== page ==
A FEW CONCLUDING THOUGHTS: I’m going to elaborate on this in the pop punk essay/book I someday get around to writing: pop punk is one of the two-whitest most privileged genres in human history, next to country. Standing near the stage before State Champs I took in the scene and I saw a wave of pale faces in the crowd and an enormous number of young black and brown workers and guards keeping these children from flinging themselves to their deaths or starting fights. This is partly just a Connecticut symptom, the high level of racial and spatial inequality means patrons are often white and the service workers are often not, but it felt almost comically overextended at Warped Tour. The makeup of the crowd had to have been 95%+ white, and although pop-punkers don’t talk about it often, that’s really not ideal. Another weird note to those who want to crowd surf you have to keep in mind some practicalities: most crowds cannot support a person who weighs more than 180 pounds (as a 220 pound man I am very conscious of this), and if you are going to crowd surf you should try to keep your core tight, your body flat, and your arms and legs starfished so more people can support your weight. And as a crowd member it can awkward to hold people up, so be aware of this if you’re at the front of the crowd. Also, if you use the opportunity of people being held aloft to touch them inappropriately (a friend saw this happen at least once) you are f u c k i n g gross, and it’s obvious when you aren’t trying to hold someone up.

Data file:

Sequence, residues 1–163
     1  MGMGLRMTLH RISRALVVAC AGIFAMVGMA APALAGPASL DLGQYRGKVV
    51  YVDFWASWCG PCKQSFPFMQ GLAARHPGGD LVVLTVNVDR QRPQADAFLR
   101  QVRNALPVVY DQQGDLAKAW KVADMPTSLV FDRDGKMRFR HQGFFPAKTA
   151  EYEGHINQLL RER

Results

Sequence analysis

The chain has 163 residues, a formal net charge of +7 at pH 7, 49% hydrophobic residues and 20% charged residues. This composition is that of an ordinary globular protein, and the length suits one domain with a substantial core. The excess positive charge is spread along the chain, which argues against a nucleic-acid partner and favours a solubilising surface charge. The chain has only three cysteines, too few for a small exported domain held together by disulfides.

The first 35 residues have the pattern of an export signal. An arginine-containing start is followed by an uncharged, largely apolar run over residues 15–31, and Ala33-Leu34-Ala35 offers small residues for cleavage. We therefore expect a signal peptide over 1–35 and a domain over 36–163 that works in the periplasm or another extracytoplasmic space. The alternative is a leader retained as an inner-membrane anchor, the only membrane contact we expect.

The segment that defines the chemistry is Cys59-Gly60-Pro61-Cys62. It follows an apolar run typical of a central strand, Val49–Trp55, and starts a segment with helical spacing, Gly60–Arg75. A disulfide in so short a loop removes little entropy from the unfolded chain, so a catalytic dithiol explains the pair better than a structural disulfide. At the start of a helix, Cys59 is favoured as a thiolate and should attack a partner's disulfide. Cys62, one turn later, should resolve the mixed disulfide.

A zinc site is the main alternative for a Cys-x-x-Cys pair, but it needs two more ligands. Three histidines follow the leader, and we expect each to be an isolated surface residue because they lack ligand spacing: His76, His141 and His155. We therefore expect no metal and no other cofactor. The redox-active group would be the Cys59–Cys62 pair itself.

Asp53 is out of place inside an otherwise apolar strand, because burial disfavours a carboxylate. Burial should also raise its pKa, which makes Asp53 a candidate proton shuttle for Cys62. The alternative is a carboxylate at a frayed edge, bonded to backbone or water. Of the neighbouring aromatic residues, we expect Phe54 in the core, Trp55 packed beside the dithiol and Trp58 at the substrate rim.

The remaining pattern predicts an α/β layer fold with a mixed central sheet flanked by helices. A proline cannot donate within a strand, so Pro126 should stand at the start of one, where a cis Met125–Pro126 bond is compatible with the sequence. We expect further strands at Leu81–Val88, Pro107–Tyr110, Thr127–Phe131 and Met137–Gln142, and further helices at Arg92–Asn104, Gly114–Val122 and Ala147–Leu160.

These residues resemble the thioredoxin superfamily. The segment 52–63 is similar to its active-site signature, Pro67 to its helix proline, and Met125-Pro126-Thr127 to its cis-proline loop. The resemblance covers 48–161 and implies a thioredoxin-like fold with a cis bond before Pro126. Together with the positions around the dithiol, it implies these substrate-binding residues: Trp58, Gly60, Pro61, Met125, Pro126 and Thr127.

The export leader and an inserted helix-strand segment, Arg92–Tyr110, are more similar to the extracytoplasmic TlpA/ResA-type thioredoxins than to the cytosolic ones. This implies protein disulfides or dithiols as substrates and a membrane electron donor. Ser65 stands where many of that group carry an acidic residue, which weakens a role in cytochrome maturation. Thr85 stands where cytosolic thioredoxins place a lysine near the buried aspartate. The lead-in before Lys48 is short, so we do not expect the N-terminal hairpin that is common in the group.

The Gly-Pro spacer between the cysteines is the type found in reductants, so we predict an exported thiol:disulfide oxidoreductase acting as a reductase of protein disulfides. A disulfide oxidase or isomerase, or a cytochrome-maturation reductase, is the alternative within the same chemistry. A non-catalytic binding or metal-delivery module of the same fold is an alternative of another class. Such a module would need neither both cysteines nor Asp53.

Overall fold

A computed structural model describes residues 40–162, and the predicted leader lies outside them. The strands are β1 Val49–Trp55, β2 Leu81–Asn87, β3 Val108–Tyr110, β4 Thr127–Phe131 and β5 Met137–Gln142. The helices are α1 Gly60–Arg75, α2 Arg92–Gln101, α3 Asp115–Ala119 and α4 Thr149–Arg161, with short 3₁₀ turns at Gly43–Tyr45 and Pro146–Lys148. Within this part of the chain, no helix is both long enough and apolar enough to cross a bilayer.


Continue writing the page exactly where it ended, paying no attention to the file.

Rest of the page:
All-in-all the final gasp of Warped Tour was fun, and definitely felt like a great moment to close up shop. At times it was a decades old relic, but for one night only that didn’t feel too oppressive. Swing by if you’ve got the cash and time to spare, but don’t worry about this being the end of music. As I found down at the Transformer stage “life uuuuhhhhuhhuhuh finds a way.”